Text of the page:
EL BATAN, Mexico (CIMMYT) – Social inequality, including gender discrimination, hinders the potential for economic development, a key focus of the agriculture for development community.
Women in developing countries make up more than 40 percent of waged farmworkers, a percentage that is even higher if unwaged farm work is included, according to the U.N. Food and Agriculture Organization. Despite their significant representation in the sector, women often experience acute poverty due to unequal access to seeds, fertilizer, land and other agricultural necessities.
The challenges are great, but the aim of achieving gender equality and empowering all women and girls everywhere by 2030 is entrenched in the international development framework by the U.N. Sustainable Development Goals (SDGs).
Spurred on by the SDGs, gender has become a key agricultural research and policy focus for the International Maize and Wheat Improvement Center (CIMMYT) and the CGIAR system research programs in recent years.
“Despite improvement, there are still several opportunities which could significantly decrease inequality between men and women,” said CIMMYT gender researcher Anya Umantseva. “Little data exists on gender roles in rural communities and most importantly, a systematic integration of social components like gender into scientific, data-based research could really help expand outcomes and impacts to more women as well as men.
“Women in rural communities often face very strict gender norms,” said Umantseva, referring to local women’s and men’s expected roles and behaviors. “What we’re trying to do is see how these norms influence the way men and women adopt agricultural innovations, and how adoption of different innovations affects gender norms across different communities.”
Umantseva is one of many researchers working on GENNOVATE – a global comparative research initiative, which addresses the question of how gender norms influence men, women and youth to adopt innovation in agriculture and natural resource management.
Gender norms include restricted access to land and financial resources, or even the social taboo of walking alone as a woman, can make it difficult to have equal access to agricultural trainings and other farming inputs, she explained.
Umantseva grew up in Yurga, Russia during the country’s economic transition to capitalism after the fall of the Soviet Union. “Witnessing the abrupt change of political-economic regimes, and the impact it had on society, shaped my interest in social sciences and anthropology,” she said. “I decided that I wanted to study how social norms and culture are historically constructed.”
“Gender in agricultural research for development is not an isolated topic; it is deeply intertwined with social inclusion of disadvantaged groups in general,” Umantseva said. “Gender is not just about men and women, but who these men and women are. Through GENNOVATE we want to go deep into their stories, their socio-economic status, religion, position in the family and more.”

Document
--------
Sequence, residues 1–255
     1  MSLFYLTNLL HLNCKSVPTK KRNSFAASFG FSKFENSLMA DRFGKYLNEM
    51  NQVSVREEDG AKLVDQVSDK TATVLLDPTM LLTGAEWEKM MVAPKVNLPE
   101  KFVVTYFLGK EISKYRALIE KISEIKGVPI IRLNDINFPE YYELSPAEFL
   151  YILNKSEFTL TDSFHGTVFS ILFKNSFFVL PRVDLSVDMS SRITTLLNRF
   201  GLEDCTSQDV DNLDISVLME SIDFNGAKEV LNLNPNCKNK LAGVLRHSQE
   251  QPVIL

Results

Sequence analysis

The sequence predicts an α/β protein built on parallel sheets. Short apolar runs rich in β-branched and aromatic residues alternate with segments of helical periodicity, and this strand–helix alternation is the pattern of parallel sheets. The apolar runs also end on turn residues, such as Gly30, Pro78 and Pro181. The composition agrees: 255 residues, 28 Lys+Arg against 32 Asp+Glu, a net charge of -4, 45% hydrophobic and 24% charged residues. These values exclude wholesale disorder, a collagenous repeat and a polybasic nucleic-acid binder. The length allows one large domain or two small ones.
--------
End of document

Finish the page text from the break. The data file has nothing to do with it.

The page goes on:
Around 8,000 rural study participants of different ages and socioeconomic backgrounds reflected on gender norms and how these social rules affect their ability to access, adapt and benefit from innovations in agricultural and natural resource management.
“GENNOVATE is the first attempt of this scale providing this type of gender-based data for agricultural research for development initiatives,” said Umantseva. “But most importantly, we want to convince the research for development community of the important opportunities, that insights from this kind of data, can bring. It might not always be easy to integrate gender into research, and may require us to do certain things a little differently, but it is necessary if we want to have inclusive development impact.”
Along with other researchers, Umantseva is analyzing GENNOVATE data to produce a series of reports, journal articles and other products so researchers and project managers can begin incorporating GENNOVATE’s findings into their work.
“Right now we’re looking at men and women who have successfully adopted agricultural innovations and what factors their success might have in common, and how men and women differ in adoption. We hope to produce a paper on these findings sometime this year,” said Umantseva.
Umantseva received her bachelor’s degree in linguistics and translation from Russia’s Tomsk State University. She then went on to pursue a master’s at the Catholic University of Leuven in Belgium, where she studied minority policies, ethnic relations and gender norms.
Before she joined CIMMYT in 2016, she worked at the United Nations Office on Drugs and Crime, focusing on human trafficking and migration. She currently lives in Mexico City and is based at CIMMYT’s Headquarters in El Batan, outside Mexico City.